By using _get_recent_notes, the controller can get back a list of all notes added or edited in the past 15 days for a particular project. Remember, SQLObject automaticallygeneratesa recent_notes attribute from the _get_recent_notes method, which always returns only the notes created or modified within the past 15 days. This returns a list of notes for each note in self.notes, which fits the filter criteria. Notice how using SQLObject's multiple join feature makes the call to the database totally transparent. You just have a project object and you call its notes method to get an iterator back, no SQL trickery needed.
If you aren't familiar with list comprehensions, here's what they do: They enable you to create a new list by filtering the contents of an existing list based on the expression that comes after the list.
The basic syntax of a list comprehension is: for item in iterable if expression. So you could write something like the following one liner to get a new list of all the items with a value greater than 1 in a list_or_iterator.
new_list for item in list_or_iterator if item > 1
Of course, using list comprehensions to filter a SQLObject results iterator is not the most high-performance way to go about getting a result set back from the database. It'll go to the database and retrieve all the members of that SQLObject result set, create a copy in memory, and only then run the list comprehension to filter the results down to what you want.
In general, the fastest way to get a list that contains only the notes related to this project added or edited in the past 15 days is to use SQLObject's query builder syntax to do this same query, using database-independent code to build a SQL query that only returns the rows you need. SQLObject's query builder enables you to create arbitrarily complex queries that perform similarly to native SQL, but also have database independence and give you the easy SQLSelect result set access methods that we've come to expect from our model objects.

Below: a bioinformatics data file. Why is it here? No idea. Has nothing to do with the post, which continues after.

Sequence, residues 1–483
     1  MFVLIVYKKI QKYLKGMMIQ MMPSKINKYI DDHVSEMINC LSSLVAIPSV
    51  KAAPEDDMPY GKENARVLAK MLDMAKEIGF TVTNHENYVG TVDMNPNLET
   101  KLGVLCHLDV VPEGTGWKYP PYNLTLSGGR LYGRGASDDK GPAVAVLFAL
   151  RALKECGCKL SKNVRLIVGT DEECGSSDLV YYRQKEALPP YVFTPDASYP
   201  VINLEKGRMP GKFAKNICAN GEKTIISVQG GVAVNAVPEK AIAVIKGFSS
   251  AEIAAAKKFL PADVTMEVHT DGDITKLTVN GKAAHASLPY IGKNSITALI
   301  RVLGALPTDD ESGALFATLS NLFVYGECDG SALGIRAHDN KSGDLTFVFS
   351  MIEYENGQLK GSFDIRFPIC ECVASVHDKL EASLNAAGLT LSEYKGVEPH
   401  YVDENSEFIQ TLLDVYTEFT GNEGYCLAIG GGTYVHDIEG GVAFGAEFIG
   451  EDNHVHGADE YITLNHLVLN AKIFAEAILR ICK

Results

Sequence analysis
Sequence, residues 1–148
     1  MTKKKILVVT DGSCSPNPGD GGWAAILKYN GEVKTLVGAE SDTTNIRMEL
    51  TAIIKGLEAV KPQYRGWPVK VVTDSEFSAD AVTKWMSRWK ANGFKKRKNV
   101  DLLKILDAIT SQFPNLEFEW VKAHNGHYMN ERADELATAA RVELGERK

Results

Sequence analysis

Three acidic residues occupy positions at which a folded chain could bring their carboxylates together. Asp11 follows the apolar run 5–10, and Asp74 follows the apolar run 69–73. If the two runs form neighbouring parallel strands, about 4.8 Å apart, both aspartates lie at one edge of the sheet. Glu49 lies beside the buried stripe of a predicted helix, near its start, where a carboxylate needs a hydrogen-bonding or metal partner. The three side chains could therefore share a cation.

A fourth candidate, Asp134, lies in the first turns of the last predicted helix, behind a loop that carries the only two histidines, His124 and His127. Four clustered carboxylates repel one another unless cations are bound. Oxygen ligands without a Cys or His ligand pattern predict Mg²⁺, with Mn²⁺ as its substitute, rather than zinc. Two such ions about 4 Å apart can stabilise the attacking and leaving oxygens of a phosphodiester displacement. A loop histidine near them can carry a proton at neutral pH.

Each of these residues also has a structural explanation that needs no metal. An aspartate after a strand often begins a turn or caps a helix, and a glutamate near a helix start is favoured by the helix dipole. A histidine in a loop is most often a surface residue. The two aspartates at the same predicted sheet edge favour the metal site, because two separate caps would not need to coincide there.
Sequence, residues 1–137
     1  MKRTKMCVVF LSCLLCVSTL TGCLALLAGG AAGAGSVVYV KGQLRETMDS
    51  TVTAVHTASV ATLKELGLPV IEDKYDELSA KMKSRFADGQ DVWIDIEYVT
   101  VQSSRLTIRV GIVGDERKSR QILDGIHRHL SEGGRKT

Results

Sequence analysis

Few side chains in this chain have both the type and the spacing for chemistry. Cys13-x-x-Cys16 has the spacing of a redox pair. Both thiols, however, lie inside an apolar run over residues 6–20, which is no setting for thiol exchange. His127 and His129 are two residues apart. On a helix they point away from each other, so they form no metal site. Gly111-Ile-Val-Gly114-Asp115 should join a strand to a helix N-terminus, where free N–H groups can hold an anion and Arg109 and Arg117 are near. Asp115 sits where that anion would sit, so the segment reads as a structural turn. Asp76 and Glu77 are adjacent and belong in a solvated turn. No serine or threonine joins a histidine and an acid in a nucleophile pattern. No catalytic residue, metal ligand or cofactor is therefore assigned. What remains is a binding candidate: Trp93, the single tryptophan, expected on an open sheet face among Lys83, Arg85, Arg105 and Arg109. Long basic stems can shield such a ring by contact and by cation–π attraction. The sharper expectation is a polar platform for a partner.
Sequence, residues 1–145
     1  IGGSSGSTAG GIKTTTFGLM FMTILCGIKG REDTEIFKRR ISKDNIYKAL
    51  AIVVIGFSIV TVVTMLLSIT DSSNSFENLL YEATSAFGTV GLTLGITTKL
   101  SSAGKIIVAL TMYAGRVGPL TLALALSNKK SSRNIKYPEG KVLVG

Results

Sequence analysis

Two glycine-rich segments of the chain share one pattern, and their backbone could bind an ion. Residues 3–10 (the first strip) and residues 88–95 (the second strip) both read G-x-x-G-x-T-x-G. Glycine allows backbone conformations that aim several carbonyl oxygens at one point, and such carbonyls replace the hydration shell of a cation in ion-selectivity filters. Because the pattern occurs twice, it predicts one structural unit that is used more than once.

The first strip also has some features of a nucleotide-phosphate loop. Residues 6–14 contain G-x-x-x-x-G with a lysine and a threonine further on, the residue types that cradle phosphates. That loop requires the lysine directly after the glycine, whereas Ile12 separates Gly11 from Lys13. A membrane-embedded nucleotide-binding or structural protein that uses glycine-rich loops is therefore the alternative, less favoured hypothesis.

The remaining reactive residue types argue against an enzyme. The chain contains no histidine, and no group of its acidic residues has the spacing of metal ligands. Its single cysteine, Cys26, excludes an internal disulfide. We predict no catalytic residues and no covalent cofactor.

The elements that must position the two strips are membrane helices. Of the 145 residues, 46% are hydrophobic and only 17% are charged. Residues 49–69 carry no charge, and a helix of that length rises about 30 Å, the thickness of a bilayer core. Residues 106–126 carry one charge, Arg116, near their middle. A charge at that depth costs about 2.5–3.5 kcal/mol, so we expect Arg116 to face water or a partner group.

In this case, there are unlikely to be more than a few dozen notes per project, so it's quite unlikely that this operation is going to be a bottleneck. So, it's better to do this the easy way in standard Python. However, if we were to profile WhatWhat Status later (as you learn about in Chapter 21, "Testing a TurboGears Application"), and discover that this method actually is a bottleneck, we could easily replace the contents of this method with an optimized version that uses the SQLObject query builder (without having to change a line of controller or view code).
In some cases, you might find that SQLObject's caching behavior works in your favor, particularly if you are doing a series of list comprehensions on the same results, because you avoid the round-trip overhead of another database call. (For more information on the theory behind this, see Martin Fowler's excellent book Patterns of Enterprise Application Architecture; for more information about SQLObject and performance, see Chapter 11, "Mastering SQLObject," and Chapter 12, "Customizing SQLObject Behavior").
Skipping over a few methods that don't do anything new, we find _total_questions has a slight twist on the same list-comprehension-as-results-filter idiom we've been discussing:
def _total_questions(self): list1 = [question for question in self.questions] list2 = [question for sub_project in self.sub_projects for question in sub_project.questions] return list1 + list2
At first glance, this seems to be exactly the same thing we've already seen; and for the most part, it is. However, the call to self.sub_project bears mentioning because sub_project is a multiple join against projects, so we aren't looking to another database table to find our sub_projects. Every sub_project is itself a project with all the same fields as any other project. So, we are now selecting all the sub_projects related to this project and iterating over them to get a list of questions, returning both lists, so _total_questions is actually returning all the questions associated with this project and with all of its sub_projects.